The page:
Bombshell skims surface of harassment

Charlize Theron, Nicole Kidman and Margot Robbie in Bombshell (IMDB/Lionsgate)

Bombshell is a dramatic look inside the controversial Fox News media empire and tells the story of the women who brought down the man who created it. Source: ACOFB.

By Peter W. Sheehan, ACOFB

The film is based loosely on the accounts of a group of women employed at Fox News who exposed its chief and founder, Roger Ailes, for perpetrating sexual harassment.

The movie is directed in quasi-documentary style, with a loose hold on the film’s underlying themes. The film uses actual footage, and is a semi-fictionalised account of three women – Megan Kelly (Charlize Theron), Gretchen Carlson (Nicole Kidman), and Kayla Pospisil (Margot Robbie) – who brought Ailes to justice.

Roger Ailes (John Lithgow) ran Fox News with fierce resolve from 1996 to 2016, when his employment was terminated by Rupert. Fox News was the Murdoch family’s most profitable asset, and Ailes became a threat.

Kelly co-moderated the 2016 Republican debate and drew national attention to herself when she called Donald Trump out publicly on TV for his treatment of women – creating a crisis for Fox News. Carson co-anchored a popular program at Fox. Pospisil was a woman recently hired at Fox, who came from an evangelical Christian family and was abused by Ailes.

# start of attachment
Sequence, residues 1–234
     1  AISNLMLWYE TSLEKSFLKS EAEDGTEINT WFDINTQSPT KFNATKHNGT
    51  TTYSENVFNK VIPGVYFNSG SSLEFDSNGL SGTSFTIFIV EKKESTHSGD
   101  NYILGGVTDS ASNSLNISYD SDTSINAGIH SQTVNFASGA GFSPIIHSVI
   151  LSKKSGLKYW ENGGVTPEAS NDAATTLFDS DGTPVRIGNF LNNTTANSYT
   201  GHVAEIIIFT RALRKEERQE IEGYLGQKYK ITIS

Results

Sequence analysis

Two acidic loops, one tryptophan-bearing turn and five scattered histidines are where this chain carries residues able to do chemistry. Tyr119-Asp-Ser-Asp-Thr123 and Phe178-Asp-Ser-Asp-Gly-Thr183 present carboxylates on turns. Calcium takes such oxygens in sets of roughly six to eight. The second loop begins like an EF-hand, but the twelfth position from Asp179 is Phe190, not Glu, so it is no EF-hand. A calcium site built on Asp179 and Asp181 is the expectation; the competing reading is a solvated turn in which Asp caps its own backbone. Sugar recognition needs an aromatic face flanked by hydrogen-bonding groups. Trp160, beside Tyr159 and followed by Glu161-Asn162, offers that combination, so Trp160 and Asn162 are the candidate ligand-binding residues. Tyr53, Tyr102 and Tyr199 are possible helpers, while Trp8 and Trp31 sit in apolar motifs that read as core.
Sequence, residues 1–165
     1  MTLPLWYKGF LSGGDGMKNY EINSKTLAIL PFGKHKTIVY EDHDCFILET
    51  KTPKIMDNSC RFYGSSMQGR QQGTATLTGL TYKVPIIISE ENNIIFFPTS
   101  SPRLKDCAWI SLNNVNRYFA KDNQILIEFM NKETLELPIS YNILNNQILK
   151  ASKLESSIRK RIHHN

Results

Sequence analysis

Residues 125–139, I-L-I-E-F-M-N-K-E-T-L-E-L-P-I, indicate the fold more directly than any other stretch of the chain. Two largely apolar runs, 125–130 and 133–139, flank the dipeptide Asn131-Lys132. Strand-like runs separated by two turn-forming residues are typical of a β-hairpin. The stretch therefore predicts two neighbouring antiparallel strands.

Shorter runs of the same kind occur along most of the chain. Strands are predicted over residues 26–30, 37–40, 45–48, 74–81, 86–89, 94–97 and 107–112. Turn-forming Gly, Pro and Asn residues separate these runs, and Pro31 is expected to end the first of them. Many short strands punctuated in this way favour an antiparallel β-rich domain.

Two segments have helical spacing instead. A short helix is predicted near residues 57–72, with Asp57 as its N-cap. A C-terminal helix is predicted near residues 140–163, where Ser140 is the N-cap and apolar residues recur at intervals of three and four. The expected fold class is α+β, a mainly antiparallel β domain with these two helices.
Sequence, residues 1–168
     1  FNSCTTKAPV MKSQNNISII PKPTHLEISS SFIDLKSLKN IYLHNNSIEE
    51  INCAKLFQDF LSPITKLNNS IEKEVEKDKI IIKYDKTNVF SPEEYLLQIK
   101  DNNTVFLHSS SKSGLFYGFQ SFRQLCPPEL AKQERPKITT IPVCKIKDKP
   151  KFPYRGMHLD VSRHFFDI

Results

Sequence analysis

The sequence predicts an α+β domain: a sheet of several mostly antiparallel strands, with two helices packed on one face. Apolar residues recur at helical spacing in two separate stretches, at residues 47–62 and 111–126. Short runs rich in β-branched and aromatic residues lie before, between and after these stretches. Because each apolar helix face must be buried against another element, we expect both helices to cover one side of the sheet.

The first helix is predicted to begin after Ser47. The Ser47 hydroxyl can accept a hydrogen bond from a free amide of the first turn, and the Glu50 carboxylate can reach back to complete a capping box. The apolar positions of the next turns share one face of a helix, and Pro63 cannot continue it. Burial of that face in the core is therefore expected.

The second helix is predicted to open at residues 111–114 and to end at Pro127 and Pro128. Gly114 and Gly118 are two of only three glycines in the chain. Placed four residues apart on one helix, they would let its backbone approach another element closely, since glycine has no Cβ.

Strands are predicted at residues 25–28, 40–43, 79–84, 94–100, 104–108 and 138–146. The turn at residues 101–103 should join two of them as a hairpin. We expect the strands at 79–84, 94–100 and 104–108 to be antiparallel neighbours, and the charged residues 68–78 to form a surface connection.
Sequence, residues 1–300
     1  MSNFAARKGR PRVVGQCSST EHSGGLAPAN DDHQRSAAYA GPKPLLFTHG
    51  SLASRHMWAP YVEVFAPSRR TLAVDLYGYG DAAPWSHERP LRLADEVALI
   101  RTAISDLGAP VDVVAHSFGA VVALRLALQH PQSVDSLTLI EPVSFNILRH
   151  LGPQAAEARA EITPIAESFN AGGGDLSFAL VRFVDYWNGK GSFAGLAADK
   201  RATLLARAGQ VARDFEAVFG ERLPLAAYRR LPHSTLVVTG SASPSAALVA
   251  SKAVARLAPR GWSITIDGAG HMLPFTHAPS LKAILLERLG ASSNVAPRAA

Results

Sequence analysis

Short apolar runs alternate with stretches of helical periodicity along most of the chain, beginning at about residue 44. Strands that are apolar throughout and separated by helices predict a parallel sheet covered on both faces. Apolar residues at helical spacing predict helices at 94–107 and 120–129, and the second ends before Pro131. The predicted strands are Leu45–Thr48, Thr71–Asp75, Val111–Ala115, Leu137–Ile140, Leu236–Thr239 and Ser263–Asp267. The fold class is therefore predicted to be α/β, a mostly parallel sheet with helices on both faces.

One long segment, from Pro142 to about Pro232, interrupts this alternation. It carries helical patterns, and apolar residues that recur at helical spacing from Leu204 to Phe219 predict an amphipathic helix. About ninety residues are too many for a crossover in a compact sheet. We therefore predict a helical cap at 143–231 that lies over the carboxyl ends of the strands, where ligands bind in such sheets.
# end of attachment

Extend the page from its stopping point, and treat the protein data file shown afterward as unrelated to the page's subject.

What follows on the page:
Gretchen filed a lawsuit against Ailes, and Kelly, the network’s biggest star, later came forward with her own stories of harassment. Pospisil’s abuse occurs in the film’s most telling moment; she was a character introduced by the film to reflect a composite of various network employees who had to find a way of coping with Ailes’s lewd behaviour.

This movie reflects a paradox. The abuse it depicts is explosively revealing, but the film is directed and produced ultimately to entertain. The movie’s strength lies in the unsentimental depiction of female solidarity and empowerment, but fails to explore the complex dynamics of sexual harassment and attraction.

It skims the surface of discrimination but stays superficially at the edge of what it most wants to consider. In scripting and direction, it entertains with material that is emotional and seriously harrowing but deserving to be treated in greater depth.

Bombshell: Starring Charlize Theron, Nicole Kidman, Margot Robbie and John Lithgow. Directed by Jay Roach. Rated M (Mature themes, sexual references and coarse language). 109 min.


Bombshell (ACOFB)


2020 Film Reviews (ACOFB)

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